TwilioCollage: Programming the AppBar with RESTful services


Have you ever seen CoCollage? It’s a cool product that lets people share photos with each other onto a TV screen by sending text messages.

I was trying to think of something cool to play with for the Windows Developer Preview and Twilio and I couldn’t stop thinking about CoCollage. I mostly just wondered how easy it would be to clone with the new Windows development model and the simple and powerful Twilio API for voice and text services.

In roughly a week or so, I have put together a demo sample (TwilioCollage on GitHub) that lets you send images to a service that then renders the images within a Metro-style app. The following image shows the app running:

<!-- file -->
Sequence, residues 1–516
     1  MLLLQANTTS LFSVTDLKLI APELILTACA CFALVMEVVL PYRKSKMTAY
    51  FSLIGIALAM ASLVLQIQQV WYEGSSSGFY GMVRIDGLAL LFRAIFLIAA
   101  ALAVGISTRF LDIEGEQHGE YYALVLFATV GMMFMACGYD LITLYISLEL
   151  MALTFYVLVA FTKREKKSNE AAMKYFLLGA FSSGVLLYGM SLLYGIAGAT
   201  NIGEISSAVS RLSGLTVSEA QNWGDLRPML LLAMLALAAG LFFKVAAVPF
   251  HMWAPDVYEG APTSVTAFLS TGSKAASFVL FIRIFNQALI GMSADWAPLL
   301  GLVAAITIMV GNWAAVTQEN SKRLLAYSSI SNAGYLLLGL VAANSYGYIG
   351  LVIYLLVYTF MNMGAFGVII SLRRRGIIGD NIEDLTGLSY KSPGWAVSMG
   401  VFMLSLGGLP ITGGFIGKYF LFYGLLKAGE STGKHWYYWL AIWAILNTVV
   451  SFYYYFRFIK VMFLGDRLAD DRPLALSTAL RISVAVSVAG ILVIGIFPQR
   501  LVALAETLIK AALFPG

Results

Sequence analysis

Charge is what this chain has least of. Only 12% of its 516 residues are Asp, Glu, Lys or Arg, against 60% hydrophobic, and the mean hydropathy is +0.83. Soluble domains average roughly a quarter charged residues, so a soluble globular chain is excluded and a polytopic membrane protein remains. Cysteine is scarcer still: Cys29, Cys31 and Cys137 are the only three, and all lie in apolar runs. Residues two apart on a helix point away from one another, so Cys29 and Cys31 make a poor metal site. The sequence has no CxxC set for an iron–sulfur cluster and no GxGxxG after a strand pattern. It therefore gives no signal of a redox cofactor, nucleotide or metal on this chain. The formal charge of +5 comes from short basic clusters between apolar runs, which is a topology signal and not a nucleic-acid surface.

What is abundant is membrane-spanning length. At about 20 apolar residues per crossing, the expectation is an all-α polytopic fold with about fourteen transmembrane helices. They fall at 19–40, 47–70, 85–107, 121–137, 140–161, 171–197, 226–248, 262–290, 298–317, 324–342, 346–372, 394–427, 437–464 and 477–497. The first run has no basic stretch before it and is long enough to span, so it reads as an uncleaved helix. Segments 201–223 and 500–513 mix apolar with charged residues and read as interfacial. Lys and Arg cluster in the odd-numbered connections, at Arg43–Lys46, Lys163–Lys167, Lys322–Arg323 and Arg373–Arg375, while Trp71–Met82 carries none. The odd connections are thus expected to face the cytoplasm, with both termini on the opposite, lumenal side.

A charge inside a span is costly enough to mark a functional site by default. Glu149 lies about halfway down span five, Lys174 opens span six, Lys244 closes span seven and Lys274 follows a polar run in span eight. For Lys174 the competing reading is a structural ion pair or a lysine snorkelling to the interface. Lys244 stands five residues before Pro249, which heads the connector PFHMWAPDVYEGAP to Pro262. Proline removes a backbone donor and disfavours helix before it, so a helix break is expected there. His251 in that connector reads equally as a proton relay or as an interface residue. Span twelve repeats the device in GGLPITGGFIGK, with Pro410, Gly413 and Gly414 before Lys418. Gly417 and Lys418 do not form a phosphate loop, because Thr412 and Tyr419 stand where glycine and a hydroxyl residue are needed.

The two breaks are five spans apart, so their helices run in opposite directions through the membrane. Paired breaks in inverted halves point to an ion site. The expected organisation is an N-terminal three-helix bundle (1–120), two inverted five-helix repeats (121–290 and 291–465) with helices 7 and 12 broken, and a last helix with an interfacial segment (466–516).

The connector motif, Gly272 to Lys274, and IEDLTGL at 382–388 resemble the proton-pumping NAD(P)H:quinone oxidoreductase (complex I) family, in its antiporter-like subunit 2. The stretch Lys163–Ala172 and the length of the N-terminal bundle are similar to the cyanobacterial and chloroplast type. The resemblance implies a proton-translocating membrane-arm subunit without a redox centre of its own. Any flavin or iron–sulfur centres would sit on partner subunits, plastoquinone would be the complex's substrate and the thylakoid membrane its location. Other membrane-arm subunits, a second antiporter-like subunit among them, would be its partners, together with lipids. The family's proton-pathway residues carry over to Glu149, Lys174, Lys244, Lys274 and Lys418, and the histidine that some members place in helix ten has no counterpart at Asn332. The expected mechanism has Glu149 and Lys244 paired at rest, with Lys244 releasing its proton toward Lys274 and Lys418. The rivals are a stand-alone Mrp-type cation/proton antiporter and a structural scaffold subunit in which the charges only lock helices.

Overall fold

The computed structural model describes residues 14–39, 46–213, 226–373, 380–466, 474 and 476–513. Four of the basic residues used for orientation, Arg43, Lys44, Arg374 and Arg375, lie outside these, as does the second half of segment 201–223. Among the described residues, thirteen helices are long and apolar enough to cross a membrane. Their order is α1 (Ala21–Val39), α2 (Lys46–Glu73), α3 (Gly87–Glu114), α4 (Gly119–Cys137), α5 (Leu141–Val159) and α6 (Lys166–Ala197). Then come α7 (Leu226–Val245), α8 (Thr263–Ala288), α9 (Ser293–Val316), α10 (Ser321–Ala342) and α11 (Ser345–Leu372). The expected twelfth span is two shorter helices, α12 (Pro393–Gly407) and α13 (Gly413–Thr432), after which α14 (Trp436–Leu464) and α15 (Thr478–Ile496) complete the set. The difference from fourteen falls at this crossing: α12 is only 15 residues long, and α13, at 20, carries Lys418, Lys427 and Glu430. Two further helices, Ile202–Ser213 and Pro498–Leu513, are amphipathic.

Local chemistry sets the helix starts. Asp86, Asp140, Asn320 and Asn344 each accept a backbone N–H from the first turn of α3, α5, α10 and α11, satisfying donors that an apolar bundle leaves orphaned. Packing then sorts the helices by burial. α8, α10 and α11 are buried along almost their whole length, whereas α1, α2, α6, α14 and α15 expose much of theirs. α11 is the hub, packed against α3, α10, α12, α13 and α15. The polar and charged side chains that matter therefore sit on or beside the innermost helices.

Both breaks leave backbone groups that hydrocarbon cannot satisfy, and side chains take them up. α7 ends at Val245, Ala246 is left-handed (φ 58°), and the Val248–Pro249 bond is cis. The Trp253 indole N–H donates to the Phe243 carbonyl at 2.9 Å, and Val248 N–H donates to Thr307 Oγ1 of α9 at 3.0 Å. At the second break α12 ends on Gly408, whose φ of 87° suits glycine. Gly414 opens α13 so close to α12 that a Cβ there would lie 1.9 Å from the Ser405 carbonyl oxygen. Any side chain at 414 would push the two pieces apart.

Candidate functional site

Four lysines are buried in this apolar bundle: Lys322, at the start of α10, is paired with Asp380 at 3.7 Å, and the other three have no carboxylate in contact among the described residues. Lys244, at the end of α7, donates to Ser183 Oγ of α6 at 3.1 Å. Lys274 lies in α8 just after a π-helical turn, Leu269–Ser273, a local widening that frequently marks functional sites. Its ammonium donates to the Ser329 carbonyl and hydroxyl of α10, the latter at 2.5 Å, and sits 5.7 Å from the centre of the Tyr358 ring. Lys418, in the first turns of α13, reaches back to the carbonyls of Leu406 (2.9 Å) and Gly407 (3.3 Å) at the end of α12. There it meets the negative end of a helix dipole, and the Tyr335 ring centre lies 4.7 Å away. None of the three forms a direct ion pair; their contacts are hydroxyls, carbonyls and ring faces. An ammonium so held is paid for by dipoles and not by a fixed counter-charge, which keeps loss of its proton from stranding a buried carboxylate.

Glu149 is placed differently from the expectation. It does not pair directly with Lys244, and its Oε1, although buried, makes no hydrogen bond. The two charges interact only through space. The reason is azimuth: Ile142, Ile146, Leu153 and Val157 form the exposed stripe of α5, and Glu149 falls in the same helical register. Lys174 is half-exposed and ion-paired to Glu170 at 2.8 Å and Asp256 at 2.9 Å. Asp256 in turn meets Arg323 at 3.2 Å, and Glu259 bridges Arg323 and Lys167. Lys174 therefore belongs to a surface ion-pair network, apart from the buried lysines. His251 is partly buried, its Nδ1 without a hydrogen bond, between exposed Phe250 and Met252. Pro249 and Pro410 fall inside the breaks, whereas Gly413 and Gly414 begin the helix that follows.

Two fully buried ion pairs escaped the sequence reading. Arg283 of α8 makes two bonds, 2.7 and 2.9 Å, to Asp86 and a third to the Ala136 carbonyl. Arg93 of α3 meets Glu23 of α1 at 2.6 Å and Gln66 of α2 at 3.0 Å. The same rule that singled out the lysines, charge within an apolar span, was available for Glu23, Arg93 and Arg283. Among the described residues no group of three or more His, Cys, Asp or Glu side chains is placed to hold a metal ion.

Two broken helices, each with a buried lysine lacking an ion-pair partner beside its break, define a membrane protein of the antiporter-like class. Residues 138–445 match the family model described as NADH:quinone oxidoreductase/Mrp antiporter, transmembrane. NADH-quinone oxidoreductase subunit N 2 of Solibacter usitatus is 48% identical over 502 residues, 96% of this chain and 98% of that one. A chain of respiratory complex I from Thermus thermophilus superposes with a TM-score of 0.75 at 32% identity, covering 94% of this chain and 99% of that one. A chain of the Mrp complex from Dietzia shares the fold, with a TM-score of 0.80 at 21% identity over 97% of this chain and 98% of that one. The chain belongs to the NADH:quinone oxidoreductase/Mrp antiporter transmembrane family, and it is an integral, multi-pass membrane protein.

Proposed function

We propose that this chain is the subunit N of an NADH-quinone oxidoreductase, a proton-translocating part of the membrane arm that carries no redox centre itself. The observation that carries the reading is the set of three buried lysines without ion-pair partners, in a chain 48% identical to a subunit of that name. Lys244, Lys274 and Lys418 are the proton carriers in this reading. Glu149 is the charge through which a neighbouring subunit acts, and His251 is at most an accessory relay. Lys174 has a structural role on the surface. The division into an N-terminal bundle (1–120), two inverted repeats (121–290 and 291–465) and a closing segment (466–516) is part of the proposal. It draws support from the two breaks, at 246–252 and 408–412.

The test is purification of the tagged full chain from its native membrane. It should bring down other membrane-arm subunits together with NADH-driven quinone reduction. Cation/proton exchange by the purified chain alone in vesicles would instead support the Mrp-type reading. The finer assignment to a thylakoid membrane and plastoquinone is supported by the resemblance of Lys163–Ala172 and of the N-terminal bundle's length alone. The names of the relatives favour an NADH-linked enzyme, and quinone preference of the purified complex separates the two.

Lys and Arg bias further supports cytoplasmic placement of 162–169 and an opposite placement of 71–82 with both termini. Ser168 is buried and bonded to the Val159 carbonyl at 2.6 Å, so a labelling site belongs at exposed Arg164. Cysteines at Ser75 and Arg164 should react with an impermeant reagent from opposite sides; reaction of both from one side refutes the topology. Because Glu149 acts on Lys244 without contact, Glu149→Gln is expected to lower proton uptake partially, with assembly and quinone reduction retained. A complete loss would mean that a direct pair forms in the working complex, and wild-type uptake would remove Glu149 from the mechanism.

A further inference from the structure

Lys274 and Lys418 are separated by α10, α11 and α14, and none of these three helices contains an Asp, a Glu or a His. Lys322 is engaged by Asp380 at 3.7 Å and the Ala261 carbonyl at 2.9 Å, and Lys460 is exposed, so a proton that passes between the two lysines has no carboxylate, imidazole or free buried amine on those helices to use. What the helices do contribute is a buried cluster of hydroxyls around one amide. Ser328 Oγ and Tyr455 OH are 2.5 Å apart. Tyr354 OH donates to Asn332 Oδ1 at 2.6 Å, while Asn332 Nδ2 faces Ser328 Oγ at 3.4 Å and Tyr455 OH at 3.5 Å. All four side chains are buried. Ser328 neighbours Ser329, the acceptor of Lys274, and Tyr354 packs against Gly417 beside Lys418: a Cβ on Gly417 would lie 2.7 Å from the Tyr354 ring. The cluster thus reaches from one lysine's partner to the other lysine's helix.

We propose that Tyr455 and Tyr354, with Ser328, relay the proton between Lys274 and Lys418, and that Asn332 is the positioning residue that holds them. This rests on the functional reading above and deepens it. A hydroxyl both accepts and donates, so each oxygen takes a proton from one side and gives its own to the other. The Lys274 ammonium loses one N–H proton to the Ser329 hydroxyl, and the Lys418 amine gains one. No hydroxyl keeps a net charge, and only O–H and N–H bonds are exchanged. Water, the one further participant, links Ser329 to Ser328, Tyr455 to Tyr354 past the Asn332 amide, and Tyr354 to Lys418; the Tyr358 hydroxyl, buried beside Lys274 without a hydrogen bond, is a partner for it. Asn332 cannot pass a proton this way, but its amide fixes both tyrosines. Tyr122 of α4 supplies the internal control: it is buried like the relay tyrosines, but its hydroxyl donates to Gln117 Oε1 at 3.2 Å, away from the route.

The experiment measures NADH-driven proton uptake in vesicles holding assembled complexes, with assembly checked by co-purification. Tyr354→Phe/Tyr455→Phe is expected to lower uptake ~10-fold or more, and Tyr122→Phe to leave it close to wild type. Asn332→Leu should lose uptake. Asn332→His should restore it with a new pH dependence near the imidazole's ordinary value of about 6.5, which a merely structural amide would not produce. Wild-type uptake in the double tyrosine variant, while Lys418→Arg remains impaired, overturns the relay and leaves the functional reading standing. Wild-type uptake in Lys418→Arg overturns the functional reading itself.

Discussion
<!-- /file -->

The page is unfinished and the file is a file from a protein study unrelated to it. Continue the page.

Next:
The way the app works is the user sends a text message to a Twilio number with a URL. After the text message is sent, the URL is validated and then the image is added to the collage rendered in a Metro style app.

To add an image while running the Collage tool, send a text message from your phone to your Twilio number with a URL in the text message. For example, if you are using the sandbox and your sandbox pin is 1234-4321, send a text message:

to: 415.599.2671
msg: 1234-4321

You can keep adding images to the collage while it runs.

If you want to reset the entire collage, send a text message to the Twilio number with the sandbox code (as necessary) and the word reset in the body. Note, currently this will not call any user, you must be whitelisted as an administrator to trigger the reset.